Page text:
Georgia flood: Huge clean-up as search for zoo animals continues
"It was nightmare," says George Babalashvili as he reflects on the way Tbilisi Zoo was laid out.
The volunteer, who is helping with the clean-up operation after the weekend's devastating floods, remembers cars driving close to animals and roads passing near to enclosures.
When the zoo was established here in 1927, it was on the outskirts of Tbilisi.
Today it is in the centre of town near to major highways and a roundabout.
The flood on Sunday submerged half of the zoo, killing hundreds of animals, and the area now looks like a massive construction site.
Thick, slimy mud is everywhere. An army of volunteers is digging, scrapping, carrying mud in wheel barrows and flopping it onto piles.
Huge trucks are on site helping to move the debris and the mud away.
"People feel united in this tragedy. We are here at our own will, because we know that the city needs us," says George.
Tbilisi Mayor David Narmania is also on site, overseeing this major clean-up operation.
As well as volunteers, there are dozens of municipal authority employees here along with government emergency workers and army conscripts.
"It's a big tragedy for us," says the mayor. Nineteen people are now thought to have died, while some are still feared missing and scores of families have lost their homes.
"We have managed to capture some animals that went loose, and we are continuing the search," the mayor adds.
It is still not clear how many of the 300 animals still unaccounted for have drowned, or how many might still be at large. Tbilisi is surrounded by hills and woods which would be natural area for some of the animals to escape to.
The good news is that some animals including crocodiles and boar have been dug out of the mud alive.
But many others are believed to have drowned, including all of the lions and tigers that escaped.
The worst affected part of the zoo was the lower area, once home to bears, tigers and lions kept in special enclosures.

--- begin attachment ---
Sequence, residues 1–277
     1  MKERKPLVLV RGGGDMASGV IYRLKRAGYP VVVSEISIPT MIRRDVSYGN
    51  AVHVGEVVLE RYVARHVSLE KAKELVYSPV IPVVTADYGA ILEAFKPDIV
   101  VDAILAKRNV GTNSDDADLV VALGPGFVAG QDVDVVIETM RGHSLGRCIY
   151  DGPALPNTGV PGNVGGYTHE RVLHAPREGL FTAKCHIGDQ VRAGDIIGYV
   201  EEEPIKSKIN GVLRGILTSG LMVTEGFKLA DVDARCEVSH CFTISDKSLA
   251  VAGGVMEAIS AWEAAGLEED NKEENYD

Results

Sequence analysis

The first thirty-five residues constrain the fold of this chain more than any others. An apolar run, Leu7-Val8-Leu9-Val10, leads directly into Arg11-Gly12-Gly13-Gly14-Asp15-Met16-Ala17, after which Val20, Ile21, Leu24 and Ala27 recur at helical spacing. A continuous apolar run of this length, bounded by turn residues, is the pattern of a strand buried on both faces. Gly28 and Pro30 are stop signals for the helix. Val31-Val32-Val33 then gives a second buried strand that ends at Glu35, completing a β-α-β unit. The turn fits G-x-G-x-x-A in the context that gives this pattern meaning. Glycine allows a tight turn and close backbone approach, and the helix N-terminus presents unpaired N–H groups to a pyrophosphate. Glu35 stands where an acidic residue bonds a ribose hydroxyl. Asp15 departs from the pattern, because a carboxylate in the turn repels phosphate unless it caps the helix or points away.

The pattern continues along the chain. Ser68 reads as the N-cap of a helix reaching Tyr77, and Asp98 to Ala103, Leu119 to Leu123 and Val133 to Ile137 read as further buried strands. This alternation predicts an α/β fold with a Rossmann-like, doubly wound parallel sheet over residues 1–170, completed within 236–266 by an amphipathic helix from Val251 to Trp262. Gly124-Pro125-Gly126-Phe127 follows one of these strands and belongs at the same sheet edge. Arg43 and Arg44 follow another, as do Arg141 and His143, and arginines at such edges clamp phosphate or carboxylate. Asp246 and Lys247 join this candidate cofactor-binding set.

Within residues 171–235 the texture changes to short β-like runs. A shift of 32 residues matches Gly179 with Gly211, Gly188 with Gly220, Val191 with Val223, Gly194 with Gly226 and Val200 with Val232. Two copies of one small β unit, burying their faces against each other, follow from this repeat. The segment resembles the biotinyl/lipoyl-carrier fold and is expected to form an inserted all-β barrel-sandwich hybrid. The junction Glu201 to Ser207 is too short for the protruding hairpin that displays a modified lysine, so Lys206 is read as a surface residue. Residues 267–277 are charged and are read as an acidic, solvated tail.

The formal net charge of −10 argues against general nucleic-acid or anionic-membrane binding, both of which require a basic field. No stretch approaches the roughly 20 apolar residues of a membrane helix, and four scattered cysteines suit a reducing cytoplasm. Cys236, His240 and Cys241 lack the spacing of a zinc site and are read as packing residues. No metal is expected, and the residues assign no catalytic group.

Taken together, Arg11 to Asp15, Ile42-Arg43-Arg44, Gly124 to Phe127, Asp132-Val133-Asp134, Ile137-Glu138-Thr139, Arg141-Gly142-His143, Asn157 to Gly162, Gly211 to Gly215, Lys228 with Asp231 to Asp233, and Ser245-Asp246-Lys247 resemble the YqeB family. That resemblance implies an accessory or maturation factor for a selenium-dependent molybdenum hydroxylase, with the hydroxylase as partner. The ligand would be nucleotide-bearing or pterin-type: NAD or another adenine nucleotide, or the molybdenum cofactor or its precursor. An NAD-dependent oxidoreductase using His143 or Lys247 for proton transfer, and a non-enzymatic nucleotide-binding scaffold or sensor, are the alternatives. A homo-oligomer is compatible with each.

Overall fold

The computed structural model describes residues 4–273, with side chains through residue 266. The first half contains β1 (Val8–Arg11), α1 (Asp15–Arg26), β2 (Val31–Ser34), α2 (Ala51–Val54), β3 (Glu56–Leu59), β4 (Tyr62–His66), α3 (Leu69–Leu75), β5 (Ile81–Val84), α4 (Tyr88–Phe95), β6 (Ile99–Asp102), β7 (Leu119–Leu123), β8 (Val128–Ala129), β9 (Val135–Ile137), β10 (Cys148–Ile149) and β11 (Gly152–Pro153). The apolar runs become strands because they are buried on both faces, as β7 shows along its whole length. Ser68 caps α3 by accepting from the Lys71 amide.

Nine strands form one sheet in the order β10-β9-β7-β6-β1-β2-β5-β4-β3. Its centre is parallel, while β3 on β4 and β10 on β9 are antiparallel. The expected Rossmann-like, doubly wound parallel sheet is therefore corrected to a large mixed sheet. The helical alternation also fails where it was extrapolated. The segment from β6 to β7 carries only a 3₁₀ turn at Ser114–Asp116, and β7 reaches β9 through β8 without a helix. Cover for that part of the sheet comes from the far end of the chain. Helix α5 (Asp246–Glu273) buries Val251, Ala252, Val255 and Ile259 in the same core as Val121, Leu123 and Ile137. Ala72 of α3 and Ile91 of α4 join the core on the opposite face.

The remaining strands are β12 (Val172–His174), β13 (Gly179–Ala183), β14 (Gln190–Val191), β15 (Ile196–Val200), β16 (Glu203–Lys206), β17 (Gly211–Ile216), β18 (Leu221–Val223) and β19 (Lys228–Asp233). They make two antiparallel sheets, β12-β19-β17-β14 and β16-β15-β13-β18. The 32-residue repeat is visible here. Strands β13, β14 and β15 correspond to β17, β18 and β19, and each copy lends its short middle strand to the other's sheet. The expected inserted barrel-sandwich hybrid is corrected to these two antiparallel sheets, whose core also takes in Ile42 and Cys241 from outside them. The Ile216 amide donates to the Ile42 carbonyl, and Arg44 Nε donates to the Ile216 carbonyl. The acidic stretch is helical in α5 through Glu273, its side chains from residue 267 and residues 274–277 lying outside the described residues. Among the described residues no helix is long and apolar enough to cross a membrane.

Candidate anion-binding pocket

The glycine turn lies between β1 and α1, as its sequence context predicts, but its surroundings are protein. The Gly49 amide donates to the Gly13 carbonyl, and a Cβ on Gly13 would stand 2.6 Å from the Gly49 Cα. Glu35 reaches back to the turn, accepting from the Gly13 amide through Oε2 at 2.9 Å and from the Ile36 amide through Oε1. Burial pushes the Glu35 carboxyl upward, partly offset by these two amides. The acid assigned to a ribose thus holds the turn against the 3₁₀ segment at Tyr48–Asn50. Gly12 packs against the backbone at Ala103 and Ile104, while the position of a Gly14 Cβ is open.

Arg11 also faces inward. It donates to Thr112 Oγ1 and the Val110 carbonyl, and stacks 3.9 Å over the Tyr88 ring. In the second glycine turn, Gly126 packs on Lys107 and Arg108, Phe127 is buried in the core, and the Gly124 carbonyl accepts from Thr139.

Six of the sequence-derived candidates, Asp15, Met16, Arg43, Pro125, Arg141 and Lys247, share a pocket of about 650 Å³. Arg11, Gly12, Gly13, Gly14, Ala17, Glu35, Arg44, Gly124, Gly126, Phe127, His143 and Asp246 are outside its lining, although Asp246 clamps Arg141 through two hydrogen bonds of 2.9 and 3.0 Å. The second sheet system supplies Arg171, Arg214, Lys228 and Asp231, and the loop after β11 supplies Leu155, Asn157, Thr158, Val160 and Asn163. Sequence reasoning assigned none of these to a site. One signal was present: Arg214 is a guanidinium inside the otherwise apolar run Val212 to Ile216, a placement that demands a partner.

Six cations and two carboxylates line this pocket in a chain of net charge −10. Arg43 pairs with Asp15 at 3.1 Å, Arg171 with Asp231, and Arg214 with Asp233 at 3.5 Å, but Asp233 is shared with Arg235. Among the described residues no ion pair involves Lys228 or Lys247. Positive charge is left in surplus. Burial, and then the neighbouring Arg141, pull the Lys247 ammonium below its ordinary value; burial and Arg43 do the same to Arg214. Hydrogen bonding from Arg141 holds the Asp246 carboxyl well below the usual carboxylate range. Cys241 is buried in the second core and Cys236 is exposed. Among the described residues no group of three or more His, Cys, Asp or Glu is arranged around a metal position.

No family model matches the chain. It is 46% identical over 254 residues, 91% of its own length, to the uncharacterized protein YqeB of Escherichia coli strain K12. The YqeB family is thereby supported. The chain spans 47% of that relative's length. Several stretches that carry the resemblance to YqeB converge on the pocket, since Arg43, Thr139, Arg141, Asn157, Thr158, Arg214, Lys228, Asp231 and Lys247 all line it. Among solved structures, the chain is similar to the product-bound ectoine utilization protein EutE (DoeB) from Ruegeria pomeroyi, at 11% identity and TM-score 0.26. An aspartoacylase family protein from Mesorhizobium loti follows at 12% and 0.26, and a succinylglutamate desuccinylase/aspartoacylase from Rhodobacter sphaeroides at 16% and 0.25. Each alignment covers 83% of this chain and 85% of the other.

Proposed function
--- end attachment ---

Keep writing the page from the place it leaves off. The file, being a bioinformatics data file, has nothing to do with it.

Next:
Out of 13 wolves only two survived.
On Sunday, only the peaks of fences surrounding the enclosures could be seen above the muddy water. By Monday, levels had dropped by up to 6m (19.7ft), but there is still a lot of water.
It is only when the area is completely cleared of mud and debris that the authorities will be able to count the total number of dead animals and also have a clearer idea of how many might still be roaming in the vicinity of the capital.
Plans to relocate the zoo to a much bigger area near a reservoir known as the Tbilisi Sea were made several years ago, but funding had been an issue.
Last year, the newly-elected mayor, Narmania, promised to follow up on these plans. Now it looks like he has no choice.
In the wake of the flash flood there was a lot of criticism on social media over the handling of the situation, especially when it came to cases of security services shooting dead some of the escaping animals.
Questions have also been asked about how the construction of a controversial new road, which cuts right through the zoo and neighbouring Mtziuri park, may have affected the river Vere, which burst its banks.
But an engineer-geologist from the ministry of environmental protection, Giorgi Gaprindashvili, says the highway played no role in the devastation.
"In the 1960s the same area got flooded. Back then of course there was no highway there," he says.
The disaster was caused by heavy rain, which caused a large landslide upstream and the River Vere to flood, he says.
"What happened over the weekend is one of the biggest disasters in Tbilisi's recent history."